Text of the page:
Picture courtesy of http://phuketmediacompany.com/
Our choice of social mediums is dependent on our specific goal for our virtual presence. For my personal accounts, I try to keep them separate because I don’t want to share my crude tweet or Instagram pics being displayed on my Facebook wall for my coworkers to see. From a non-profit/business point of view, it is helpful
to have many platforms connected in order to maintain a consistent online voice and transparency, but at the same time, SMSG also suggests that connecting and sharing everything across all platforms can be overkill. For example, Twitter has a different “pace” than Facebook; Twitter demands more upkeep and more frequency of posts. Facebook is better served for more sporadic postings that may be lengthier or more in-depth than a Twitter post. If a non-profit shares all their Tweets on their FB wall, their FB audience may become overwhelmed and decide to un-follow that organization.
140 Characters emphasizes the importance of having a consistent online voice across all social media platforms. Having a consistent voice allows our online followers to be able to understand our intention and delivery of a message. Since Twitter, for example, gives a limited amount of space devoted to expressing thought, limiting what the author can do to construct a complete thought with personal tone. Consistency of tone creates for readers a voice for them that is recognizable and easily interpreted. Irony was one voice that the book said was the hardest to get across to readers and the most important to maintain consistency of. Keeping a consistent voice across all social media platforms allows our online audience to understand your voice and intention better by understanding the kind of language and word choice you choose to use to express yourself. Cohesion of all our social mediums is also important for establishing our impression on our virtual presence, whether personal or professional. My organizations which I have been following seem to have good online cohesion between their social mediums and a consistent look and voice they are trying to get across, based on their audience. The social platforms they choose to share information is important too, because based on their target audience they need to choose what social media to use more frequently.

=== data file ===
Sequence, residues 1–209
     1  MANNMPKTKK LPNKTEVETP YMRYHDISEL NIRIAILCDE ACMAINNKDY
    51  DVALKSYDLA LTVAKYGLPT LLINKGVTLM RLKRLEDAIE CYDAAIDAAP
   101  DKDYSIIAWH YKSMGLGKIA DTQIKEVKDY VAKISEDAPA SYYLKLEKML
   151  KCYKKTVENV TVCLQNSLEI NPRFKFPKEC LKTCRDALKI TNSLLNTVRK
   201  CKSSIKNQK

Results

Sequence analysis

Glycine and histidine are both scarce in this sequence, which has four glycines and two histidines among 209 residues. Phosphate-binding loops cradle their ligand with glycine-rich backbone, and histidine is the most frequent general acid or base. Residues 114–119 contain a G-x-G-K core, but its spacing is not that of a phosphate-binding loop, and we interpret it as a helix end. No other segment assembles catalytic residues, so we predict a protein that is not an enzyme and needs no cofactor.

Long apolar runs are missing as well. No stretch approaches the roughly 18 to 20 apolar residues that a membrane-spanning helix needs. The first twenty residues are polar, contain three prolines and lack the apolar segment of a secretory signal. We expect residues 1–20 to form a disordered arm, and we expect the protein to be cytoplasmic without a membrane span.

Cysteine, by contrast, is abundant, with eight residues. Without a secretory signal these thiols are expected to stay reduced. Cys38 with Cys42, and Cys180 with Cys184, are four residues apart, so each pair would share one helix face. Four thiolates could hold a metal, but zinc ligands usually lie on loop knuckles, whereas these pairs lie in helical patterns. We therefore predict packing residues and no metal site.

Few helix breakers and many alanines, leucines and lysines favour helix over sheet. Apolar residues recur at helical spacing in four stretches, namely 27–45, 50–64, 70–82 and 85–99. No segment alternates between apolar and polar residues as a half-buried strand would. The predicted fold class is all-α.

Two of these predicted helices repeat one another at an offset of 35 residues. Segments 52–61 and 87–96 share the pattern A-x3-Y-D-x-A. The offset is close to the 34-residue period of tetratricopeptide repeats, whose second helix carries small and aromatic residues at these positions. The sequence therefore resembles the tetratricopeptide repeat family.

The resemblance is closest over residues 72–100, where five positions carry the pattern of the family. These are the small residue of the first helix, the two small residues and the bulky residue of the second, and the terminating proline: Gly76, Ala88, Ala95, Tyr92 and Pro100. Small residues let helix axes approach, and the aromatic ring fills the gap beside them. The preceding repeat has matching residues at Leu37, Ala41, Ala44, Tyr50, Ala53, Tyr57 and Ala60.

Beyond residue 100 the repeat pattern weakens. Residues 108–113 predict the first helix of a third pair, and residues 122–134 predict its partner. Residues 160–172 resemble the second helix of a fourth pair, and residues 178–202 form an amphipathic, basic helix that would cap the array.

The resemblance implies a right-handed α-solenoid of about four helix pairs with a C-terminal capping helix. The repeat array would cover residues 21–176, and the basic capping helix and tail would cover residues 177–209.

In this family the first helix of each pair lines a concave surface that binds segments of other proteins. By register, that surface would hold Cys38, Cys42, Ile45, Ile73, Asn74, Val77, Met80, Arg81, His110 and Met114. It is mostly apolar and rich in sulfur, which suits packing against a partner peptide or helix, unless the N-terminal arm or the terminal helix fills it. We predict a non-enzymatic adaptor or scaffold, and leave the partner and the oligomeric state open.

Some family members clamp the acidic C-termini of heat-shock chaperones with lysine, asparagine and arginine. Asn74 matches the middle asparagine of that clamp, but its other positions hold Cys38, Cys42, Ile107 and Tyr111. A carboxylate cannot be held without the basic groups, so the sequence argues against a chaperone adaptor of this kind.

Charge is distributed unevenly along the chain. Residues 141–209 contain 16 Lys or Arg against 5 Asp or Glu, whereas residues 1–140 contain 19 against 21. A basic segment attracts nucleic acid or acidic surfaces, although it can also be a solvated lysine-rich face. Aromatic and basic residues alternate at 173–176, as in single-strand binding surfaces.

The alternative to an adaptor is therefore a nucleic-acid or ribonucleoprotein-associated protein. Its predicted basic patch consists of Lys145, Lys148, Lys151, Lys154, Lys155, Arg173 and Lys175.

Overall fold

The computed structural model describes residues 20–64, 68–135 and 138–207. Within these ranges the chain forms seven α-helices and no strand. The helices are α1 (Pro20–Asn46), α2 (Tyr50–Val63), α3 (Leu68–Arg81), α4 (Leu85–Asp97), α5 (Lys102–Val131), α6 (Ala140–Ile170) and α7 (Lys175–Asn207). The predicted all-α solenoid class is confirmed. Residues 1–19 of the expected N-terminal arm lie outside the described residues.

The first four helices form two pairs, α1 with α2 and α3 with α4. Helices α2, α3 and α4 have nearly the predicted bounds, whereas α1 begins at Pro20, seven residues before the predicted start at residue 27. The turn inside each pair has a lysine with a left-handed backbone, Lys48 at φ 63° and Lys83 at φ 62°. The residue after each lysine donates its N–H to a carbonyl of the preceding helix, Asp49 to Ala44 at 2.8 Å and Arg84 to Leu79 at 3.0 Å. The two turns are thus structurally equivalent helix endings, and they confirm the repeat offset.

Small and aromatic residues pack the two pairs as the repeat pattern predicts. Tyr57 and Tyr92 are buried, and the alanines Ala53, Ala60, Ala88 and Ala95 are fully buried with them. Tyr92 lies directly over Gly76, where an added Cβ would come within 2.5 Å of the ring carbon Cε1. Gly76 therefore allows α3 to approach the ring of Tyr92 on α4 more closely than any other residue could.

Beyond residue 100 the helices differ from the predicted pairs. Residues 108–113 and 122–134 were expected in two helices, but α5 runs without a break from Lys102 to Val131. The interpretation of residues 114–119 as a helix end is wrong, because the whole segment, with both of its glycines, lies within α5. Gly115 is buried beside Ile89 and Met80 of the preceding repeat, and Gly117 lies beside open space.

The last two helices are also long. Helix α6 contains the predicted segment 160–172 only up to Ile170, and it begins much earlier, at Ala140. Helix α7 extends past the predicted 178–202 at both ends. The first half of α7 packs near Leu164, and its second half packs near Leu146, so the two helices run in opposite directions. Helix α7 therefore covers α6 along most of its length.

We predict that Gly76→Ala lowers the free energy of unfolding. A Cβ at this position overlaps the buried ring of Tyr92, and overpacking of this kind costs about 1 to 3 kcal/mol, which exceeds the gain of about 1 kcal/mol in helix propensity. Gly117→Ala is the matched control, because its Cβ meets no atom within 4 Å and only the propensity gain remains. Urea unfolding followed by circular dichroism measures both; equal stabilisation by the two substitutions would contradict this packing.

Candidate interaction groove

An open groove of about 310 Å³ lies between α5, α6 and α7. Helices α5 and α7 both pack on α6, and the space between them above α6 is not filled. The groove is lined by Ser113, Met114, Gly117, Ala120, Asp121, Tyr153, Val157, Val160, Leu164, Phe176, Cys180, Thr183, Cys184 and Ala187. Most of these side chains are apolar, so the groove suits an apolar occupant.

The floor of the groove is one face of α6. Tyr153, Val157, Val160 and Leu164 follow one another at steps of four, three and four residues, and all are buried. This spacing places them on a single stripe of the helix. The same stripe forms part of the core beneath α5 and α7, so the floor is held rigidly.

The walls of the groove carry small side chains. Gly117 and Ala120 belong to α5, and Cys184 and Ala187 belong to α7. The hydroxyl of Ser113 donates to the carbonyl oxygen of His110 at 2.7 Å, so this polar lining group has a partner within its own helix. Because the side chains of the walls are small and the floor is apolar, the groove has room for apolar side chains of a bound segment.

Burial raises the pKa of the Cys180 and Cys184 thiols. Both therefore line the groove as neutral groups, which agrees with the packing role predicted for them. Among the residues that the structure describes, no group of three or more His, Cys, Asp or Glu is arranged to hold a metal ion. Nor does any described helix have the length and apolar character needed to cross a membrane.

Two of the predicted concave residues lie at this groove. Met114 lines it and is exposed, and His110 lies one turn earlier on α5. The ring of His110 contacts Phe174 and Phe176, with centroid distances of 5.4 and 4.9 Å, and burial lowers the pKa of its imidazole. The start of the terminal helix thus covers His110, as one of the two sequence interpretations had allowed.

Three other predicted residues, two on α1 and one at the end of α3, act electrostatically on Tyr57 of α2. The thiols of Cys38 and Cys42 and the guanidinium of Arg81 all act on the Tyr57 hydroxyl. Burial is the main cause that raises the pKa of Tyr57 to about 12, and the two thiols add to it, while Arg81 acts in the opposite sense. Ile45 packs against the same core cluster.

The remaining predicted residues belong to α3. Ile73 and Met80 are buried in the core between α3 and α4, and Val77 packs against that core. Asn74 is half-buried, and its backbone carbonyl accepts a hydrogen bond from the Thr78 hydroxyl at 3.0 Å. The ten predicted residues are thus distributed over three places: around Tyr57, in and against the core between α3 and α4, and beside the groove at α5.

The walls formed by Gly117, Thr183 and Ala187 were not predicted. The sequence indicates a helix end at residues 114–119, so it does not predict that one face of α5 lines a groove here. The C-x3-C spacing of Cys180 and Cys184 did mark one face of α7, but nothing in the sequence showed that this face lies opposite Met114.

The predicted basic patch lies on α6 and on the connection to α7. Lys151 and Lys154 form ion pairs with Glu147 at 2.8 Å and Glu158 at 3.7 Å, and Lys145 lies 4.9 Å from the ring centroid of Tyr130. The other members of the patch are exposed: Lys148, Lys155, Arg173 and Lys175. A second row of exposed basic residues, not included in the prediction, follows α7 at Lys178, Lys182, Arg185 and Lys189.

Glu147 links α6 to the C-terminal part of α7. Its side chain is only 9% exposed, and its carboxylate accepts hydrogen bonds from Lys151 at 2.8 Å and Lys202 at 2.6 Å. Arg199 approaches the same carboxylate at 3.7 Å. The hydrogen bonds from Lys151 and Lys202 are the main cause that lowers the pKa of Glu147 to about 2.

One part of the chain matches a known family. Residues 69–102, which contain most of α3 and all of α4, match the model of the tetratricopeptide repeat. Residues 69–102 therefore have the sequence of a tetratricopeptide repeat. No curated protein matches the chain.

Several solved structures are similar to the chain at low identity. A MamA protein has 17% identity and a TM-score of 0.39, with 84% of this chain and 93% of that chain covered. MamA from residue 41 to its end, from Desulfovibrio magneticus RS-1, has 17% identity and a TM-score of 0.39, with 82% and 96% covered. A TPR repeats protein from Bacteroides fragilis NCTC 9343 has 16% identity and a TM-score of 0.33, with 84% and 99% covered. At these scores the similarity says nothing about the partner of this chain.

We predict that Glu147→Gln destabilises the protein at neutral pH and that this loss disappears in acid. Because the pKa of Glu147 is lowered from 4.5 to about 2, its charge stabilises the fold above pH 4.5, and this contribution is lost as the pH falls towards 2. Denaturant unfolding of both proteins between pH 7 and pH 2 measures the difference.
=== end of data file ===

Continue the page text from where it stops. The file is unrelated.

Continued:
The Pew report had many good statistics regarding the role of social media platforms working for the good of the arts and other organizations. Social media does give organizations the ability to virtually (no pun intended) connect all their online platforms in a way which helps their org. grow and have a larger impact online and off and gain more exposure. Interestingly enough, the research also showed concerns (the same ones which I have) about having such a large media presence. The research talked about how “digital distractions such as ringing cell phones and audience member texting are a significant disruption to live performances.” Although this is talking about distractions during art performance, I think this is still true for our daily life performance. Being connected is great for exposure and virtual growth, but at what point is it too much? People who are passionate enough about something should still be willing to do some more work besides clicking ‘like’ on someone’s page and actually going out of their way to physically be present with that person, or organization. Social media gives people the opportunity to be present online, which is sometimes an excuse for not physically being present.